When we bought our stone cottage in the near dead of winter, the backyard’s long-neglected seasonal perennial jungle was half-composted into the frozen ground. When we moved in at the end of January, the snow was a lovely duvet fluffed over what would emerge come spring. And emerge it did.



My mother advised us to “let everything come up. You have to see what you have and then you can be selective.” Kim and I, minimalists to the core, were frightened at the prospects. We were already sneering at the single aliums and wayward tulips that squirrels had probably plopped into the ground cover and iris clumps with a snicker.


Neighbourhood informants let us know that the previous owners had “really let the place go.” Really? If you’ve read any of the posts on our home, you’ll nod with two simple words: dog fur. Finding dog fur in the freezer and halfway up the Hunter Douglas blinds was a dummy indicator of what the backyard would reveal. “Oh yeah, they never even took the storm windows off.” We soon found out why–the screens stored in the shed had provided snacks for the squirrels. Half of the screens were eaten with holes gaping enough to kick a soccer ball through.


I’ve already mentioned the appalling state of the shed–which had at some point become the black walnut warehouse for all squirrels living in this postal code.  The aftermath–of us, below.


The planter boxes behind the house were a soupy mess that smelled like swamp and cat shit. The grass was a patchy ruffian mess and we couldn’t wait to scale the walnut tree to hack down the broken duct-taped swing from our view.

The dog fur inside had a parallel dog shit bingo equivalent outside. We found an old rad, piles of laminate flooring, cracked rain barrels (“Oh, you can keep the rain barrels!”) and other hunks of junk that we turfed into a rented Bagster.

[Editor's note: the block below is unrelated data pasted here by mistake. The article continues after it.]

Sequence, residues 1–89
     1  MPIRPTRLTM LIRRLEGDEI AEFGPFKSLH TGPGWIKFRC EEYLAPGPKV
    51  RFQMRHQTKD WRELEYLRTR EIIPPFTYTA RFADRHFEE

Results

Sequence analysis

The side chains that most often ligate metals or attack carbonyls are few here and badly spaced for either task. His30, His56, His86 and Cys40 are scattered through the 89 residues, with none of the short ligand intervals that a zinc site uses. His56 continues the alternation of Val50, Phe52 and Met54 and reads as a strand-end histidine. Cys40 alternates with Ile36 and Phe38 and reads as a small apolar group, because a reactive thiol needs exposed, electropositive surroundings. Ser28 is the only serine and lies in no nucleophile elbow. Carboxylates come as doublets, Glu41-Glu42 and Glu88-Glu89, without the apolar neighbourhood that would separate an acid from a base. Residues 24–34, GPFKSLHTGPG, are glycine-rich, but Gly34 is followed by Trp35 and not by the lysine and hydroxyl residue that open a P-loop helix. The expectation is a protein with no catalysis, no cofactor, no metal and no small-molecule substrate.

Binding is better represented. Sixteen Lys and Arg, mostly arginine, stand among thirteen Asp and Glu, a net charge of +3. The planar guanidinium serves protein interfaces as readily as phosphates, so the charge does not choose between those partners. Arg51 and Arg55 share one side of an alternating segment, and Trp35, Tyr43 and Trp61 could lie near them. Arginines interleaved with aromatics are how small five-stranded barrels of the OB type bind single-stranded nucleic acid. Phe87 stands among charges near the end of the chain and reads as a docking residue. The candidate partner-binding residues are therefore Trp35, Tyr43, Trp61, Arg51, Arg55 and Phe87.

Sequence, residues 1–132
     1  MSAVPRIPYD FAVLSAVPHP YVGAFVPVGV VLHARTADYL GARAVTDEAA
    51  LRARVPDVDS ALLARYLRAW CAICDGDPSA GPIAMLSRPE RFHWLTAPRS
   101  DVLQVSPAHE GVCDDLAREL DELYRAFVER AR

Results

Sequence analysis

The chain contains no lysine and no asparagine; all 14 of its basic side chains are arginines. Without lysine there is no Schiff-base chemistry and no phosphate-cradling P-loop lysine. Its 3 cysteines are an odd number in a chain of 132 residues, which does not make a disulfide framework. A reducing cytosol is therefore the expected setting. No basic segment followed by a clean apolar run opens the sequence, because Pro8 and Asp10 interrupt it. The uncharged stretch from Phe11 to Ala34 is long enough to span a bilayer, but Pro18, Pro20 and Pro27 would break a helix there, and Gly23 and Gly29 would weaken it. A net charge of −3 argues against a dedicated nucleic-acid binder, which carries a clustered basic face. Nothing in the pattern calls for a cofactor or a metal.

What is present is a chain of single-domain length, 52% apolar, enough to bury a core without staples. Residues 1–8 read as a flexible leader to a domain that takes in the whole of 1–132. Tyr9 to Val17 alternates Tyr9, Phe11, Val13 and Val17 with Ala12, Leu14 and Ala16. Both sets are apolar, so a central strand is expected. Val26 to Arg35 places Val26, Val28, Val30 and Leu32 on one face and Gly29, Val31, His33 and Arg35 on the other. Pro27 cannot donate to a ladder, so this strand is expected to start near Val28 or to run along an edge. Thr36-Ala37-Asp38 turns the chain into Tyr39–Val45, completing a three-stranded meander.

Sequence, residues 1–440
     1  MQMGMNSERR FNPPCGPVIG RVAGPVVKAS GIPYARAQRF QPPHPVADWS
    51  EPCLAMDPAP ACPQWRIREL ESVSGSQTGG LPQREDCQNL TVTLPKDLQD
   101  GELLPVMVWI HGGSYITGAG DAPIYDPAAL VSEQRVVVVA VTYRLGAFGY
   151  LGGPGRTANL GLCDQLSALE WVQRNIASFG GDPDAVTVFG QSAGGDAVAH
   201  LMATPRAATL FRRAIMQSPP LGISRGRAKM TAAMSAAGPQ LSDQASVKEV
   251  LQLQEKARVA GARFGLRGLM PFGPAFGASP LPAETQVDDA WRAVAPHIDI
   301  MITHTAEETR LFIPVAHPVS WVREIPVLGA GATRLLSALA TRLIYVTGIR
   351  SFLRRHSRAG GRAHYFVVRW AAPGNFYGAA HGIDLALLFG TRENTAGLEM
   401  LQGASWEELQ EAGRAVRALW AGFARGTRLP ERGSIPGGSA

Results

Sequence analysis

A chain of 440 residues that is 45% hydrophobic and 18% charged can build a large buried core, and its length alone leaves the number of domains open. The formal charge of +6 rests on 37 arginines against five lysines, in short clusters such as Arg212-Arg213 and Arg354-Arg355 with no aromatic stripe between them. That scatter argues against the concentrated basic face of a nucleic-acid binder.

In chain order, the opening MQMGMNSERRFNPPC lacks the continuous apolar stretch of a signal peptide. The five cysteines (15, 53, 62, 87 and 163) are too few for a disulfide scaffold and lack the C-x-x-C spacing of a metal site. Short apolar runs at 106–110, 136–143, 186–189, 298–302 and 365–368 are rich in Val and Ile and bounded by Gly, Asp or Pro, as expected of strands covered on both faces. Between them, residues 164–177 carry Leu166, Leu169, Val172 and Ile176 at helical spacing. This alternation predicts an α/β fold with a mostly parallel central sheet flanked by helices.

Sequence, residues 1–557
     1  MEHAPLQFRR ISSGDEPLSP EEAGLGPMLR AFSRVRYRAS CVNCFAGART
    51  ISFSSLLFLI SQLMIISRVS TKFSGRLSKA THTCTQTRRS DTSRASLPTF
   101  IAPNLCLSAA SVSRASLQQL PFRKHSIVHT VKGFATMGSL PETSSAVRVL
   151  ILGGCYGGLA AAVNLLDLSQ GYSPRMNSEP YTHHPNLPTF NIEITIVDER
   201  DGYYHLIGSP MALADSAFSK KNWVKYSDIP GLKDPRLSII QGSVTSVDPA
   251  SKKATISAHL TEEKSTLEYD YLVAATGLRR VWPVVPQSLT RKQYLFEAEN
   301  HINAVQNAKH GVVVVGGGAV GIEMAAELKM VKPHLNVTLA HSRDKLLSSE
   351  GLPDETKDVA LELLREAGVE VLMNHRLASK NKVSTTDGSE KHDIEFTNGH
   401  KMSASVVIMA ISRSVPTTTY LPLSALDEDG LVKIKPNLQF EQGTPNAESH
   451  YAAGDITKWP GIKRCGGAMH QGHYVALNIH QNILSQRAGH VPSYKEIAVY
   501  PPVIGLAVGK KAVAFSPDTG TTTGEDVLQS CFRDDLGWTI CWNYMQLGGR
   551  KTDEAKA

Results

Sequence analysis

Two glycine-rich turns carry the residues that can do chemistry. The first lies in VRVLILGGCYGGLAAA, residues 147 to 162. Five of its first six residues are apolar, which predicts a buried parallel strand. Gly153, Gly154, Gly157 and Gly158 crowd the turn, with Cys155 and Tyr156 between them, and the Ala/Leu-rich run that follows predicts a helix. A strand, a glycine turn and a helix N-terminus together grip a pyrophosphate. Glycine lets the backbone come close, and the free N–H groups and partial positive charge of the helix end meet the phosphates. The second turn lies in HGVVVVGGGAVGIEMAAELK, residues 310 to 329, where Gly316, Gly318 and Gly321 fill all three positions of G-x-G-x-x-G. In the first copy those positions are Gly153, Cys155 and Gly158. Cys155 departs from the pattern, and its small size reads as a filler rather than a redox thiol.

But, back to the gardens. We let everything came up as suggested, knowing we would have to tame the herd sooner than later. We did everything you shouldn’t do. I’m sure our master gardener neighbour, Liz, was shaking our head as we yanked yard bags full of growth out. And it was just that–growth. Kim and I, as Capricorn and Virgo stalwarts, rearranged “families” of bachelor buttons, lungworts and peonies. We couldn’t wait until fall when you are supposed to transplant. No, by midday July, humidex full force, we had to smarten the garden up. We split hostas, knowing they were great space hoggers. We removed lonely singles and posted a slew of photos on Facebook, begging botany-blessed friends to help us out with the likes of Siberian Squill, Pasque flowers, Leper’s lilies and Jerusalem Sage (thank you Kay, Connie, Tanja and Beth!).


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Kim was well-versed in hostas while I was more experienced in serious grass cutting. I’ve mowed so many acres in my life. If all the hectares were added together, I have probably cut a swatch across Canada by now. In sharp contrast I can whip through our patch in 20 minutes flat versus 5 hours and 6 acres on the John Deere.